$$begin{aligned} s=left[ Delta t_{max},overline{Delta t},Delta d_{max},overline{Delta d}right] . end{aligned}$$

(13)

To encode POI distribution characteristics, in analogy to natural language processing43each distinct POI feature class (eg, dormitory, café, bar, hospital, etc.) is considered as a word44. All possible POI feature classes are considered as a dictionary, and feature classes of the POIs overlapped with an activity zone are considered as a corpus. A total of 335 distinct POI feature classes (ie, words) are collected from the OSM dictionary. Then the occurrences of each possible POI feature class are counted for an activity zone to produce a sparse POI feature vector (p).

Additionally, 335 POI feature classes are aggregated into 18 distinct place types (eg, home, eating, education) based on their functionality in urban settings (eg, café (rightarrow) eating)25. Then a smaller word dictionary is built to produce a denser vector, which is concatenated with p to generate an augmented POI feature vector ((p^{+})). Next, (p^{+}) is concatenated with the aforementioned spatiotemporal feature vector to produce a node feature matrix ((X_v)) for each individual activity zone:

$$begin{aligned} {X_v}=left[ {t^{+}},s,{p^{+}}right] . end{aligned}$$

(14)

Edge weights

A trip is defined as the transition from one travel activity (ie, origin) to another (ie, destination) for an individual, which usually also indicates the spatial transition of the individual from one location to the other. In our proposed Gstp2Vec framework, trip directions are consistent with edge directions. In addition to trip direction and properties of its end-on activity nodes, trip properties also include statistics measuring individual transitions over space and time, such as travel frequency (f), average travel duration (({overline{t}})), and average travel distance (({overline{d}})), which are encoded as edge weights ((Y_e)).

Specifically, f is calculated by counting trip occurrences from each origin activity zone to the corresponding destination zone for each individual by going through all travel footprints within the origin zone. Then ({overline{t}}) is measured by averaging the time spent on those trips, and ({overline{d}}) is measured by averaging their straight line distances on 2D space. These statistics measuring different aspects of trip properties are concatenated to represent Y:

$$begin{aligned} {Y_e}=left[ f,{overline{t}},{overline{d}}right] . end{aligned}$$

(15)

Aggregators

As shown in Table 1 and Fig. 2, aggregators (ie, aggregation functions) in Gstp2Vec accept feature embeddings of sampled neighbor nodes, which are initialized as node features concatenated with their corresponding edge weights. Since neighbor nodes are not ordered by nature in our proposed framework, aggregation functions should be symmetric to be operated on arbitrarily ordered node embeddings. Besides, they need to be simple and trainable15. Max pooling aggregator is both symmetric and trainable, and is thus applied in our proposed framework45.

Table 1 The (k{^{th}} (forall k in {1,ldots ,K})) aggregator architecture.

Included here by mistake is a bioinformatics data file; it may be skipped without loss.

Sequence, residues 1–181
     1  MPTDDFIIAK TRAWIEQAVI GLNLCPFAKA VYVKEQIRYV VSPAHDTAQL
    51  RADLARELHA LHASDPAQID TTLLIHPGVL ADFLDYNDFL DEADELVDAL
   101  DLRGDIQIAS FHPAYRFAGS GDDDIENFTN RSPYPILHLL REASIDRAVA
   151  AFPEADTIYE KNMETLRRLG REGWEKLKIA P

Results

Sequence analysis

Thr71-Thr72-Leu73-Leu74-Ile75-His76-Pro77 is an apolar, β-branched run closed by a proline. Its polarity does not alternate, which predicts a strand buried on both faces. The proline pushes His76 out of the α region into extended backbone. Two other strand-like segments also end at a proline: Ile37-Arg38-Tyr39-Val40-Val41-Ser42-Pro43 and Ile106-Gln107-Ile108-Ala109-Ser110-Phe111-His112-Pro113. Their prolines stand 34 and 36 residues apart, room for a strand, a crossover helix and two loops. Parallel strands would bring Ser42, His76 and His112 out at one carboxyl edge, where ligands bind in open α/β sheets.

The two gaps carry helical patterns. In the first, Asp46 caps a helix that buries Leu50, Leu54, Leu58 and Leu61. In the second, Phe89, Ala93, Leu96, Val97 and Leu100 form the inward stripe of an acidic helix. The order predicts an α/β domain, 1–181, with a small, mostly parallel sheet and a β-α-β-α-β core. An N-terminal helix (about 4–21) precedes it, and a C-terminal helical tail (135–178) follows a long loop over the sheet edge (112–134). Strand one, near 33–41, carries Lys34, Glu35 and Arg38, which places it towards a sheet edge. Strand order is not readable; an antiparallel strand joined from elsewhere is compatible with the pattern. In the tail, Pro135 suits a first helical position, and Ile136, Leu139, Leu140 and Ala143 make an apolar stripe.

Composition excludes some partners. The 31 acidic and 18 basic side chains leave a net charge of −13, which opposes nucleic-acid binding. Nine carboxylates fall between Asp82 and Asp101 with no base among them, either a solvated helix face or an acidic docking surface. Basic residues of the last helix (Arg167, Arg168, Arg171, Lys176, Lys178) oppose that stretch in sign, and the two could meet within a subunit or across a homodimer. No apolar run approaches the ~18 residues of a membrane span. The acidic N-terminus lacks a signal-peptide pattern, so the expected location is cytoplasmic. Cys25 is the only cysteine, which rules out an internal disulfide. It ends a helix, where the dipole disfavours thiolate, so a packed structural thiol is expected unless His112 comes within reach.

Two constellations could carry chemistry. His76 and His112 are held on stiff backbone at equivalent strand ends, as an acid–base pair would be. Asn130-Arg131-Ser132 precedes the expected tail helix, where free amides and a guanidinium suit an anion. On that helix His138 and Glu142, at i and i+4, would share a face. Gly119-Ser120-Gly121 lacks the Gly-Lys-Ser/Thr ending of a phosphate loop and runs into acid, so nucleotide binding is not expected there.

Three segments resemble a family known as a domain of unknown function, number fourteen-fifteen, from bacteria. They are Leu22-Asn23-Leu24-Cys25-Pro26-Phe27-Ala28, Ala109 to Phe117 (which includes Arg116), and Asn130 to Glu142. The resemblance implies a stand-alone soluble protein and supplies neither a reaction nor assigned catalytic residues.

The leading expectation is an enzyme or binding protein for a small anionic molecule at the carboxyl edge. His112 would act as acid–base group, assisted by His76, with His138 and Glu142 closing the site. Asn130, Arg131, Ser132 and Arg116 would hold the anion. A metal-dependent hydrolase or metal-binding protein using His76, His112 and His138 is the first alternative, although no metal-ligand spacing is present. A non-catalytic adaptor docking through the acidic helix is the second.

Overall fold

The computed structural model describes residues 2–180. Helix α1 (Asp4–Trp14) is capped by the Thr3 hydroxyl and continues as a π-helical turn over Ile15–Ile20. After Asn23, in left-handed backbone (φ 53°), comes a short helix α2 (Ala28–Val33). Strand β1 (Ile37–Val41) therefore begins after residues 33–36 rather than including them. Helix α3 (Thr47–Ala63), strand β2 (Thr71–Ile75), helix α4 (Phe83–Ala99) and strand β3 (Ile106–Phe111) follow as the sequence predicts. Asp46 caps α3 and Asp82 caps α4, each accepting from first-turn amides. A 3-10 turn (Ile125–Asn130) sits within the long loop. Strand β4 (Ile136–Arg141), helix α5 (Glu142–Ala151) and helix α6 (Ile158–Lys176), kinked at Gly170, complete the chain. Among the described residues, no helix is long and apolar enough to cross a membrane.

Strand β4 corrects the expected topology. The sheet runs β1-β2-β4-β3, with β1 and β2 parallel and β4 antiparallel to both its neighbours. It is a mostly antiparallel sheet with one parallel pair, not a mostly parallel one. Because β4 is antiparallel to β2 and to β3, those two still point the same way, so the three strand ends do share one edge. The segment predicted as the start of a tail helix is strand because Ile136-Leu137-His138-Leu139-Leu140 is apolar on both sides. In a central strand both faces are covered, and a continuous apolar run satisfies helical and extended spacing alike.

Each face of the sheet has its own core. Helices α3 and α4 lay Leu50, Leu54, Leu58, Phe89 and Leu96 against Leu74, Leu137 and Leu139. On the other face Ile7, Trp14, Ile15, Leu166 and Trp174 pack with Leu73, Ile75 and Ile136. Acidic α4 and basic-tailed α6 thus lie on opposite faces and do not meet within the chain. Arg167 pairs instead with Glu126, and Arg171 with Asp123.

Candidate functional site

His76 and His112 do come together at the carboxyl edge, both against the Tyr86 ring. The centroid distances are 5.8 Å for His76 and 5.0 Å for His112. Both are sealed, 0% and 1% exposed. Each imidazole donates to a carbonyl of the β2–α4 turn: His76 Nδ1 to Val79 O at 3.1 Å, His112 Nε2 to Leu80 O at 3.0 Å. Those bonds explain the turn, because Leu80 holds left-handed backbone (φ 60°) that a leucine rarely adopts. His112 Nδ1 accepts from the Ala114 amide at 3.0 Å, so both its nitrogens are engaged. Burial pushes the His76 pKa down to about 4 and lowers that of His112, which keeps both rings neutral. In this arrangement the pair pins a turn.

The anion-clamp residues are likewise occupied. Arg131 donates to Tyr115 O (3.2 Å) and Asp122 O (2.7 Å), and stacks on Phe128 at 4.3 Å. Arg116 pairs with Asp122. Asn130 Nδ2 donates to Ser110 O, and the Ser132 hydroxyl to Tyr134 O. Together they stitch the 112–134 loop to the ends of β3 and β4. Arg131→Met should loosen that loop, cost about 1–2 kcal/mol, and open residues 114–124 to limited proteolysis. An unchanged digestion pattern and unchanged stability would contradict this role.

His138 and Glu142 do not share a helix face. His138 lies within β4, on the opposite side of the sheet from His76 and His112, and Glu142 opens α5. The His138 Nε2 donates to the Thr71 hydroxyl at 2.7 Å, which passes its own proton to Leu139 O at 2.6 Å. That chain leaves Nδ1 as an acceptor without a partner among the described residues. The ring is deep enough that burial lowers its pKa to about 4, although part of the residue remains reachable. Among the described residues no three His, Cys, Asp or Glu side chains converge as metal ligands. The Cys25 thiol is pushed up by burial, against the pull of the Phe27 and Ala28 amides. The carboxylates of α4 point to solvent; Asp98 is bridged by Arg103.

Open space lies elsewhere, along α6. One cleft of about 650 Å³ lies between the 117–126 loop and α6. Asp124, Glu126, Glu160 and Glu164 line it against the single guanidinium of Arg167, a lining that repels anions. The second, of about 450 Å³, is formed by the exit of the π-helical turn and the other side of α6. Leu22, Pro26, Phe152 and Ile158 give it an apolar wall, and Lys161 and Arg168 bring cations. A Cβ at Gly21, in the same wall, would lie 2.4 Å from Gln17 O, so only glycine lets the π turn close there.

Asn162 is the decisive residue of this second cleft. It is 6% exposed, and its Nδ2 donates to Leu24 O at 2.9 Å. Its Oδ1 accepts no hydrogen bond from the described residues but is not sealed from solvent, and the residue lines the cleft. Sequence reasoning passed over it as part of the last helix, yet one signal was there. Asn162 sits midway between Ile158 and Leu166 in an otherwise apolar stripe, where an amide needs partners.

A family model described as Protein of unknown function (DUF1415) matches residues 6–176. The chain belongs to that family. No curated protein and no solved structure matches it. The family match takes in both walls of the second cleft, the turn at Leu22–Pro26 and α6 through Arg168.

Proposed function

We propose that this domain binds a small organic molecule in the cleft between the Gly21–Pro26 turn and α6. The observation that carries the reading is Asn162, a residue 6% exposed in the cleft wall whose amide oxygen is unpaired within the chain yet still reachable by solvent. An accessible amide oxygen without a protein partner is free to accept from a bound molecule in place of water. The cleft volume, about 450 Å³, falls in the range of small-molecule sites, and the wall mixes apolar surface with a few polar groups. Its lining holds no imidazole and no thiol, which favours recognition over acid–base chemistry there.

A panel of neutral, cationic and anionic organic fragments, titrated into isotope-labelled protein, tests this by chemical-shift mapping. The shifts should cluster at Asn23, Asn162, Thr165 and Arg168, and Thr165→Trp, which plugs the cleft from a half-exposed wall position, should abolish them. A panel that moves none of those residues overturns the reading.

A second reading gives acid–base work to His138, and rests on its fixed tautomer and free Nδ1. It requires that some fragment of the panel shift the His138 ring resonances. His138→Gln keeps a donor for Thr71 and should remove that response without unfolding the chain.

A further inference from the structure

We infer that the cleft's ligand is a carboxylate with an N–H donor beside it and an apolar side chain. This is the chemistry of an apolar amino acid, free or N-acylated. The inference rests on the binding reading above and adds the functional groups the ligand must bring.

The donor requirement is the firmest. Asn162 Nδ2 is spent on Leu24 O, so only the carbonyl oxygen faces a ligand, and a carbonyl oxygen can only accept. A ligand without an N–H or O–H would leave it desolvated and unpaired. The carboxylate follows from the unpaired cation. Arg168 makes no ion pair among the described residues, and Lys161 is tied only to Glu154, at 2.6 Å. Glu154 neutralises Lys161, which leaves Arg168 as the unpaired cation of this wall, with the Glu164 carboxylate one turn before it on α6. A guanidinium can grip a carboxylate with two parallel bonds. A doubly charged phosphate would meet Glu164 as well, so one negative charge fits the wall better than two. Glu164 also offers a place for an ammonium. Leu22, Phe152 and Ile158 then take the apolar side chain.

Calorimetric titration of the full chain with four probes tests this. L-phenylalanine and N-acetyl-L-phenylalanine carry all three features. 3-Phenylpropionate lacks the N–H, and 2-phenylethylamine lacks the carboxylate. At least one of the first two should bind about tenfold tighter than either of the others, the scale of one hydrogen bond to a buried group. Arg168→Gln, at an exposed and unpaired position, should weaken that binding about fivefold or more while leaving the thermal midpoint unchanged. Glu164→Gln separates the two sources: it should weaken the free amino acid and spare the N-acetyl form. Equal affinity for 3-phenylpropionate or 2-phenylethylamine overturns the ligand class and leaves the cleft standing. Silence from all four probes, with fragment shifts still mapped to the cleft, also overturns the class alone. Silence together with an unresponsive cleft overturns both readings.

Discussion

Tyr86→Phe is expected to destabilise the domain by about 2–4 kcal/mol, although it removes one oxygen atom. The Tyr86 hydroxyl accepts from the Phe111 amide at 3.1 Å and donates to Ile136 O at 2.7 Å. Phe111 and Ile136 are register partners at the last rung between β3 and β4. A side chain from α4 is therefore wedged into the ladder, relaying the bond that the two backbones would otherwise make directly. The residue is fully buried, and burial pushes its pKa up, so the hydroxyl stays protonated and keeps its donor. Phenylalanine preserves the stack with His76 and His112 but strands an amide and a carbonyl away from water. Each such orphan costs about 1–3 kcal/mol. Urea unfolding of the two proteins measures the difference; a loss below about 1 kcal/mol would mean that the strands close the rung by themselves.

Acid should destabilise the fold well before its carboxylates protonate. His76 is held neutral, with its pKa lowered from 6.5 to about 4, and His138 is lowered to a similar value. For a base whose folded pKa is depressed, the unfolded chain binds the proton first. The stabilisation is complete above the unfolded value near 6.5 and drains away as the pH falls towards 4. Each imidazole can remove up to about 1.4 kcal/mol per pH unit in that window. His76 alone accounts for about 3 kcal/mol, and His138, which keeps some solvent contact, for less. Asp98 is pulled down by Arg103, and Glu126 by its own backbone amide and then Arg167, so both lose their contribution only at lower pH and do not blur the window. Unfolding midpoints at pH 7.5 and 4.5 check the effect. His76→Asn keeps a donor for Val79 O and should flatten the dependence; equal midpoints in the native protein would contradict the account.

Figure 2
Figure 2

Architecture of aggregators and supervised learning.

Specifically, a single-layer perceptron is applied as the fully-connected NN inside an aggregator. During each iteration of the forward propagation, a fixed number (eg, 2) of neighbor nodes are sampled for each activity node. Then the perceptron is applied on the feature embedding matrix of each sampled neighbor node to compute a series of features, and an element-wise maximum value is generated for each computed feature among all sampled neighbor nodes and passed to the current node. In this way, the model effectively captures different aspects of the neighborhood set15.

Supervised learning

Model weights are tuned iteratively in a manner of end-to-end supervised learning14,15,31. First, graphs consisting of activity zones and trips are split into training, validation, and test sets based on individuals (Fig. 3). As such, activity zones of the same individual would not appear in different sets (eg, both training and test sets). For example, the graph ((G_{u_{2}}) in Fig. 3) constituted by activity zones of individuals (u_{2}) is divided into the test set, while two other graphs (ie, (G_{u_{1}}) and (G_{u_{3}})) are in the training set and the remaining one (ie, (G_{u_{4}}) is in the validation set.

Figure 3
Figure 3

Random split of activity zone graphs into training, validation, and test sets based on the individuals they belong to.

The training process includes two steps, namely forward propagation and parameter learning. Forward propagation (Z in Eq. (16)46) first generates node embeddings by concatenating node features with neighborhood embeddings (Fig. 2), which in turn are generated via aggregators as discussed above. Then the concatenated node features are assimilated by a single-layer NN with an activation function, which produces updated node feature embeddings and eventually generates the predictive representations (ie, (h^{k-1}_v)) (Table 2). Next, another softmax function is applied on the output representations to predict travel activity types via multicategory classification (argmax in Eq. (16)). For parameter learning, graph based cross-entropy loss is applied on the predicted results to tune previous weight matrices.

$$begin{aligned} {Z=fbigg (h_{v}^{k-1},h_{v’}^{k}bigg )=argmaxbigg (softmaxbigg (sigma bigg (W^kcdot CONCATbigg (h_{v}^{k-1},h_{N(v)}^{k}bigg )bigg )bigg )bigg )}. end{aligned}$$

(16)

Table 2 The architecture of updating node embeddings for nodes in the ({(k-1)}{text {th}} (forall k-1 in {1,ldots ,K})) hop.